Telephone # (519) 500-8535
Charitable # 842144883 RR0001
MissionTo provide continuing bereavement support to men and women after the death of their spouse or partner. A peer-to-peer environment of hope facilitates the rebuilding of a new sense of self as an only parent.
Finding Hope Support GroupImagine if you can, finding out your wife has a terminal disease . . . or opening the door to find the police standing there to tell you your husband has been killed . . . imagine your life changing in a blink of an eye. One day life is just as you planned it. You have a beautiful family, a spouse, children, maybe a pet or two. You are building a life together. You have plans and dreams for what the future is going to look like. Things are just as it should be. But all of a sudden it changes. Your spouse has died. Tragically, you are left to carry the weight of the world on your shoulders, alone. You must figure out how to live life without your partner beside you. You must grieve their death. All your hopes and dreams for the future have died with them. What is life going to look like now? How are you going to cope without them? And then there are your children . . . your children who are desperately missing their parent. Who continually ask you questions about when mommy or daddy is coming home and why they died. It breaks your heart to see them in such pain, and there is nothing you can do to take it away. The grief journey of a young widow has no manual. There are no instructions on how to rebuild your life and your child's life. It is like fumbling around in the dark with shattered glass all over the floor, and somehow you are supposed to maneuver your way through without cutting your feet, which is almost impossible. How can we be expected to do this without help? Why do the banana breads, frozen casseroles and phone calls end after 3 months? Why does society believe that we should be fine and 'over it' after a year? Why is there a timeline for us to get over our grief and move on after the death of our spouse, our confident, our cheerleader, our co-parent, our future? How can only a year make missing this person easier? Many describe the first year as living in a fog or a haze, just struggling to get by, to survive all the firsts: birthdays, anniversaries, dance recitals and hockey tournaments. The second year is often harder than the first. This is when reality hits. The reality that this is really their new life. On the outside they seem so put together, strong, confident, but what you don't see is what is going on inside of them or behind closed doors. They are broken and struggling to meet the relentless demands of every day. What was once a two person job is now left up to one. They are working so hard to keep it together, to not fall apart, to be everything to everyone. They will try so hard that they will completely burn themselves out and there is no one to catch them when that happens. Society wants us to get over our grief, to move on, to find another spouse. Society can have great unrealistic and hurtful expectations of grief. The goal of grief at The Hummingbird Centre for Hope is not to forget your spouse, because they are a part of you and always will be. The goal is to find a way to incorporate their life and death into your life as you begin to build a new future.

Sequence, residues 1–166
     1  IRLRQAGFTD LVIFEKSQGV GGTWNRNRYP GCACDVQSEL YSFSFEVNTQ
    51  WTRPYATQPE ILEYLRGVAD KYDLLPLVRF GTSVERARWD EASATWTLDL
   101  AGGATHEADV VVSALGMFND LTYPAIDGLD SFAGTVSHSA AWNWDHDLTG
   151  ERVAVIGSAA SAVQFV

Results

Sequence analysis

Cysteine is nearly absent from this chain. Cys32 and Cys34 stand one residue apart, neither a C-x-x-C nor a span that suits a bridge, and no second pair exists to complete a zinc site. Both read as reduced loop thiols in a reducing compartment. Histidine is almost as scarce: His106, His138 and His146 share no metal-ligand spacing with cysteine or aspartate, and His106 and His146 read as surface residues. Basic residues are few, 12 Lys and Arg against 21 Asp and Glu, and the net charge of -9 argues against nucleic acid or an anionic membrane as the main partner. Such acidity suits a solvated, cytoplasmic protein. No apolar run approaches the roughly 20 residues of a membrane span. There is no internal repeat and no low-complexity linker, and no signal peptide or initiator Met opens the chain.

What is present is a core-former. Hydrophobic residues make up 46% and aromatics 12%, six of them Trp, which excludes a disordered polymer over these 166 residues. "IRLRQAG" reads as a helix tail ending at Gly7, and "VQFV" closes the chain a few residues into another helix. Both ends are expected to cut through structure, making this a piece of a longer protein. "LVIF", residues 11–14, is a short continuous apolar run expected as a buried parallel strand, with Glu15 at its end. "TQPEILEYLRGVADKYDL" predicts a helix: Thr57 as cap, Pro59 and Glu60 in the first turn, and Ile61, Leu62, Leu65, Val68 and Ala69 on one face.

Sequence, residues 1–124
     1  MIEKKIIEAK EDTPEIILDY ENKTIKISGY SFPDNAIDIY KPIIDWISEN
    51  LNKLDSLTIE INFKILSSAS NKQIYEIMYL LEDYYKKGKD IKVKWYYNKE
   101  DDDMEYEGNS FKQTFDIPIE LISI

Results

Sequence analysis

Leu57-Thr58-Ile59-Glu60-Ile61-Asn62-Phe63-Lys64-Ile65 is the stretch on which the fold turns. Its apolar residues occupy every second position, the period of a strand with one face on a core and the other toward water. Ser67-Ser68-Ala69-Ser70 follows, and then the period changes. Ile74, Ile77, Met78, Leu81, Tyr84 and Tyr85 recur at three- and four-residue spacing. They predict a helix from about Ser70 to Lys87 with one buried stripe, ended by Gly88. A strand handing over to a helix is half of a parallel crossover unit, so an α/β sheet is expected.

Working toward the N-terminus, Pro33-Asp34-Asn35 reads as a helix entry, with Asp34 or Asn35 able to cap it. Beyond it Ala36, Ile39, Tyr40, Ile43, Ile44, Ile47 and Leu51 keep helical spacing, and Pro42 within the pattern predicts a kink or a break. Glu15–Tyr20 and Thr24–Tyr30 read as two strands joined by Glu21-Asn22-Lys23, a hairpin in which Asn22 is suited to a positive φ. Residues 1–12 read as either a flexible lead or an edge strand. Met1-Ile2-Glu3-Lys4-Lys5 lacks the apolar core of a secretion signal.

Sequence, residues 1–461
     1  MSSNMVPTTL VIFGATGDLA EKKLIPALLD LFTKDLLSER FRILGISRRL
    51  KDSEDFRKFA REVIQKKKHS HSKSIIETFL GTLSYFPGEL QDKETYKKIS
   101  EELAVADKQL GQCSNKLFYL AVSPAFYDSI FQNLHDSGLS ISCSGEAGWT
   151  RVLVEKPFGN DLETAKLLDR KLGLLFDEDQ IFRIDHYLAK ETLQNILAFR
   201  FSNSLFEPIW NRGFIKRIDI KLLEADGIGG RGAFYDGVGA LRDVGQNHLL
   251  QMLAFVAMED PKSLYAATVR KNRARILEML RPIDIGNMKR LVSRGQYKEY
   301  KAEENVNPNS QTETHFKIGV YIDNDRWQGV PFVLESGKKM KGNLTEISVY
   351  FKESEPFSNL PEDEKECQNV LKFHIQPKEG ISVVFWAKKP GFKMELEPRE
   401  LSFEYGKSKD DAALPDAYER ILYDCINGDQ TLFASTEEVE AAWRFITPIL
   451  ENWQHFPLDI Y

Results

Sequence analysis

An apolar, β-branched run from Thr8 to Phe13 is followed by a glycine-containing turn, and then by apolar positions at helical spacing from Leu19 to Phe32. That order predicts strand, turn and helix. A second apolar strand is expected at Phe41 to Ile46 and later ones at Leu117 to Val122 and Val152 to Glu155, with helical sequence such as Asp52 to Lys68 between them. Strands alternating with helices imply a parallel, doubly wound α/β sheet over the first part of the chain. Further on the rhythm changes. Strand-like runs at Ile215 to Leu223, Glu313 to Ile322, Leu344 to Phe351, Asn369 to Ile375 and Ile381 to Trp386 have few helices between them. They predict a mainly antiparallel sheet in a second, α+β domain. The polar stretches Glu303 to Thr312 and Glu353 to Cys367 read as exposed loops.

- $50 donation supports one person to attend the Finding Hope Support Group for 8 weeks
- $150 provides training for one support group facilitator